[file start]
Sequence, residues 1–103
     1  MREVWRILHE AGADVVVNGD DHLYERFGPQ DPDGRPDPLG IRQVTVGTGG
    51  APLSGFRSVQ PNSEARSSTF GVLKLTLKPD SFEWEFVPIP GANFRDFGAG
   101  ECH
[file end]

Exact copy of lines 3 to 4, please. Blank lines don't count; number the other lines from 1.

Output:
    51  APLSGFRSVQ PNSEARSSTF GVLKLTLKPD SFEWEFVPIP GANFRDFGAG
   101  ECH